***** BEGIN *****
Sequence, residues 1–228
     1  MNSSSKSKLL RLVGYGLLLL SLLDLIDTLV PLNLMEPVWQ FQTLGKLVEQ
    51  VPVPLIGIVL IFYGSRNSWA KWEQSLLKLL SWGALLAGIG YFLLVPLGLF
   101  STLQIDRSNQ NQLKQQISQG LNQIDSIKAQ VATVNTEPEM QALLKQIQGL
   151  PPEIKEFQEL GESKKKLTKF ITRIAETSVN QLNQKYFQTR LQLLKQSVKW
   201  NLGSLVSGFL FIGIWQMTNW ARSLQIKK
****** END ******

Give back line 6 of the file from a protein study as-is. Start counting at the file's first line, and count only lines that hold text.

   201  NLGSLVSGFL FIGIWQMTNW ARSLQIKK